In practically every industrial country a small proportion of all the factories employ a disproportionate number of factory operatives. In some countries 15 percent of the firms employ 70 percent of the people. This same state of affairs is repeated time after time. In retailing for example, one usually finds that up to 80 percent of the turnover is accounted for by 20 percent of the lines.
This effect, known as the 80 : 20 rule, can be observed in action so often that it seems to be almost a universal truth. As several economists have pointed out, at the turn of the century the bulk of the country’s wealth was in the hands of a small number of people.
This fact gave rise to the Pareto effect or Pareto’s law: a small proportion of causes produce a large proportion of results. Thus frequently a vital few causes may need special attention wile the trivial many may warrant very little. It is this phrase that is most commonly used in talking about the Pareto effect – ‘the vital few and the trivial many’. A vital few customers may account for a very large percentage of total sales. A vital few taxes produce the bulk of total revenue. A vital few improvements can produce the bulk of the results.
The Pareto effect is named after Vilfredo Pareto, an economist and sociologist who lived from 1848 to 1923. Originally trained as an engineer he was a one time managing director of a group of coalmines. Later he took the chair of economics at Lausanne University, ultimately becoming a recluse. Mussolini made him a senator in 1922 but by his death in 1923 he was already at odds with the regime. Pareto was an elitist believing that the concept of the vital few and the trivial many extended to human beings.
Much of his writing is now out of favour and some people would like to re-name the effect after Mosca, or even Lorenz. However it is too late now – the Pareto principle has earned its place in the manager’s kit of productivity improvement tools.
This method stems in the first place from Pareto’s suggestion of a curve of the distribution of wealth in a book of 1896. Whatever the source, the phrase of ‘the vital few and the trivial many’ deserves a place in every manager’s thinking. It is itself one of the most vital concepts in modern management. The results of thinking along Pareto lines are immense.
For example, we may have a large number of customer complaints, a lot of shop floor accidents, a high percentage of rejects, and a sudden increase in costs etc. The first stage is to carry out a Pareto analysis. This is nothing more than a list of causes in descending order of their frequency or occurrence. This list automatically reveals the vital few at the top of the list, gradually tailing off into the trivial many at the bottom of the list. Management’s task is now clear and unavoidable: effort must be expended on those vital few at the head of the list first. This is because nothing of importance can take place unless it affects the vital few. Thus management’s attention is unavoidably focussed where it will do most good.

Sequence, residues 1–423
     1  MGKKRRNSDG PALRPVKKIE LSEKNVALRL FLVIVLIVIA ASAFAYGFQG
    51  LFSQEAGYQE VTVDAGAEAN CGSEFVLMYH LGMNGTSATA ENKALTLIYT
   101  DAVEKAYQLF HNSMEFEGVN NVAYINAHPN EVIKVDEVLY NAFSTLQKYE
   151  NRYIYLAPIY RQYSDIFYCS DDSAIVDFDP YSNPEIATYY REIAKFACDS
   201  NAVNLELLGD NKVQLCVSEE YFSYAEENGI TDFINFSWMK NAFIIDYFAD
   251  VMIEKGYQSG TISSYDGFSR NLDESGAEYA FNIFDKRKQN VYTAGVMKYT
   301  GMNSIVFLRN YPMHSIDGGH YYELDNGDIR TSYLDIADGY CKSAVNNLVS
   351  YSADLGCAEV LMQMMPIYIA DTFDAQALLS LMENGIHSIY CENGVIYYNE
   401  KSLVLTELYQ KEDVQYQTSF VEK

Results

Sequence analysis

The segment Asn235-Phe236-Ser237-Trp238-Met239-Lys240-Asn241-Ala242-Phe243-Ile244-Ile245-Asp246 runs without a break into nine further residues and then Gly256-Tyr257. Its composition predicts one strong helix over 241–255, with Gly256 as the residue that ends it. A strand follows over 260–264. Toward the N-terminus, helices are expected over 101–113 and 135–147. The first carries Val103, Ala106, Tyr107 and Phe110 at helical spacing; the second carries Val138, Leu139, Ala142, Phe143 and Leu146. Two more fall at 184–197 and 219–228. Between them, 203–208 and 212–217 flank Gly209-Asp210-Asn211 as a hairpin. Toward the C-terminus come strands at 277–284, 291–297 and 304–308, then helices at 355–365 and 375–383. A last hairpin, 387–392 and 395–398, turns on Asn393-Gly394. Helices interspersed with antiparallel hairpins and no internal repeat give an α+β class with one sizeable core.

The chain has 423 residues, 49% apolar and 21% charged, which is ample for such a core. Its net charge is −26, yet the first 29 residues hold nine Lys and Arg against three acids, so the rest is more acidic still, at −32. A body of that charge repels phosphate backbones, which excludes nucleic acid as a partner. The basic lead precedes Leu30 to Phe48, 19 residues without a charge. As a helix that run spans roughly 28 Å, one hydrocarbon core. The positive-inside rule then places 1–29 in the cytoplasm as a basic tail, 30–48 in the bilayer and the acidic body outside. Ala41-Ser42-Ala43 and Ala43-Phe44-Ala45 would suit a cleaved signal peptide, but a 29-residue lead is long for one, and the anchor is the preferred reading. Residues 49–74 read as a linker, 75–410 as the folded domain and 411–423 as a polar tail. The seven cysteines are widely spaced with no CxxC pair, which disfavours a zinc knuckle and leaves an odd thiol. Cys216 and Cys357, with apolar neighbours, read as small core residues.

Another example is stock control. You frequently find an elaborate procedure for stock control with considerable paperwork flow. This is usually because the systems and procedures are geared to the most costly or fast-moving items. As a result trivial parts may cost a firm more in paperwork than they cost to purchase or to produce. An answer is to split the stock into three types, usually called A, B and C. Grade A items are the top 10 percent or so in money terms while grade C are the bottom 50-75 percent. Grade B are the items in between. It is often well worthwhile treating these three types of stock in a different way leading to considerable savings in money tied up in stock.
Production control can use the same principle by identifying these vital few processes, which control the manufacture, and then building the planning around these key processes. In quality control concentrating in particular on the most troublesome causes follows the principle. In management control, the principle is used by top management looking continually at certain key figures.
Thus it is clear that the Pareto concept – ‘the vital few and the trivial many’ – is of utmost importance to management.
A Pareto chart is a graphical representation that displays data in order of priority. It can be a powerful tool for identifying the relative importance of causes, most of which arise from only a few of the processes, hence the 80:20 rule. Pareto Analysis is used to focus problem solving activities, so that areas creating most of the issues and difficulties are addressed first.
Difficulties associated with Pareto Analysis:
Overcoming the difficulties
Even in circumstances which do not strictly conform to the 80 : 20 rule the method is an extremely useful way to identify the most critical aspects on which to concentrate. When used correctly Pareto Analysis is a powerful and effective tool in continuous improvement and problem solving to separate the ‘vital few’ from the ‘many other’ causes in terms of cost and/or frequency of occurrence.
It is the discipline of organising the data that is central to the success of using Pareto Analysis. Once calculated and displayed graphically, it becomes a selling tool to the improvement team and management, raising the question why the team is focusing its energies on certain aspects of the problem.